Foochow red rice wine chicken

I suspect this post is so niche that if you’re not a Chinese person of Foochow descent, you might as well look away now! Today I made a Foochow red rice wine chicken stew with my Roaming Roosters whole free range chicken; it’s a traditional, age-old dish that has been passed down to me from my Malaysian Foochow mum, as it has through lots of other people’s mums. It’s my first time making it, and as most people who are familiar with this dish will know, it’s hard to make unless you have the special ingredient: red rice wine dregs or lees.

Cooking with Foochow red rice wine dregs

The traditional dish uses the yeast by-product that is collected when fermenting red rice wine or ang chow (a Malaysian Foochow-specific rice wine). It’s a laborious process done at home, as this post by Going With My Gut will show you. Hence a lot of my generation consider it an ‘old people’s dish’ as we simply don’t have the time or skill to make it. The dish is considered a good tonic for ‘ladies in confinement’ i.e. women in their month after giving birth, and my personal theory is because it looks like placenta! However, Chinese people generally have remedies for everything, and food often seems to be the solution (we’re not wrong you know ;)).

Anyway, my mum brought back a tub of red rice wine dregs from Malaysia, homemade by a distant aunty, and it’s been sitting in my fridge for quite some time.


  • Red rice wine / ang chow dregs or lees (about 4 tablespoons)
  • 1 whole chicken, jointed and chopped into bite-size chunks – about 1kg (don’t include breasts)
  • A handful of dried shiitake mushrooms
  • A handful of dried ‘Jew’s Ear’ fungus (a common Chinese stew ingredient, I love it)
  • Sesame oil
  • Thinly grated or sliced ginger
  • 6 minced cloves of garlic
  • 150 ml of Shaoxing rice wine
  • Soya sauce
  • Sugar to taste

I used this recipe as an experiment to joint a chicken for the first time, as recommended to me by another blogger, Marcus from countrywoodsmoke. I followed his instructions here and it really was that simple. I saved the breasts to cook later this week, as these aren’t best in a stew. I also set aside the carcass to make a stock. Don’t be afraid of chopping up the back of the chicken too, as I find this is where the tastiest pieces lie. The only thing I need to work on is making a clean cut through joints rather than splintering the bone, which can make your eating experience a bit unpleasant.

Here are the results:

Soak your shiitake mushrooms and fungus in some warm water, until they have softened fully and the fungus has expanded to about 4x the size. Keep the water.

Heat a slosh of sesame oil in a large wok or cast iron pot and add in the ginger and garlic. Add 4 tbsps of the red rice wine dregs, then the chicken pieces. Ensure the chicken pieces are browned and coated in the dregs. Add the rice wine and some of the water that you used to soak the mushrooms until the chicken is semi-immersed. Finally add sliced shiitake and the wood fungus, bring everything to the boil and simmer for 20-30 minutes. I checked up intermittently and kept turning the chicken so it all got coated in the sauce. Towards the end you can add soya sauce and sugar to taste.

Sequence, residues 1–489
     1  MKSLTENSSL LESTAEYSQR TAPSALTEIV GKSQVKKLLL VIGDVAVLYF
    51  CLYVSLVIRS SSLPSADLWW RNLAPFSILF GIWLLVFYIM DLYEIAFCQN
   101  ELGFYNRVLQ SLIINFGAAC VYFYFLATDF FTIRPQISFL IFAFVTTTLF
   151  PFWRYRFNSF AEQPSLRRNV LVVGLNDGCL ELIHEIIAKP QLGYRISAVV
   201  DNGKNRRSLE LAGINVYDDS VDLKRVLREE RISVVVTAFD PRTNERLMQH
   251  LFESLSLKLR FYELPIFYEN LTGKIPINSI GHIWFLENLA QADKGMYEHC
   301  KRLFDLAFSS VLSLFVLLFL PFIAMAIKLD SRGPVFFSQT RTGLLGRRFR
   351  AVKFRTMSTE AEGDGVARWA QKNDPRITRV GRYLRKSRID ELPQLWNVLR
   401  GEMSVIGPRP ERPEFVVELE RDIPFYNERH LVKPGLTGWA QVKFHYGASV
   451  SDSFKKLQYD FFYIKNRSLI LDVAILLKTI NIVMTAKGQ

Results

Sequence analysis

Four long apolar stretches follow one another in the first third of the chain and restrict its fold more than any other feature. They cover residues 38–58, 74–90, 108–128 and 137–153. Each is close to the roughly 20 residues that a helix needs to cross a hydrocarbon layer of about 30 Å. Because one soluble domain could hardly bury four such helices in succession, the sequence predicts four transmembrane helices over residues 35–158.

I was highly pleased with the result! It tasted just like my mum makes it. I can’t really describe the flavour, except that obviously it has a lot of rice wine in it. It’s somewhat earthy and sweet, but the best bit are the vegetables that have soaked up the sauce. You can see how the chicken is stained a deep red (all the colour is natural!), although the skin doesn’t change colour.

There are lots of amazing traditional Chinese ways to cook a chicken with very visual results, and this is just one of them.

Serving suggestion:

Traditionally this is served on mee sua (white noodles) to symbolise long life, but I prefer white Jasmine rice to soak up the sauces. You also want to safeguard against splatter, so don’t wear anything precious!

The stew I made served 4-6.


4 thoughts on “Foochow red rice wine chicken

  1. Nice job on the chicken 🙂 The colour of that sauce looks amazing, and I love the fungus.
    If you “pop” the joints, and cut the tendons through you shouldn’t need to cut the bone itself.
    What could I use instead of the sauce, as it doesn’t look the easiest to get hold of?

    • Hey Marcus, thanks for the tutorial, really helpful! I was using a meat cleaver and found some kitchen scissors also helped to neatly cut through the skin and tendons.

      I don’t think there is a substitute for this sauce, the yeast sediment is the unique element. I suggest you get yourself a Foochow grandmother 😉

  2. Pingback: Chicken skewers with satay sauce | Meat in a Box

  3. Yummy thanks. My fav dish still. Dregs?! Ok. Never knew the english word for it. Btw I am of that foochow descent so dish is close to the dna coding.

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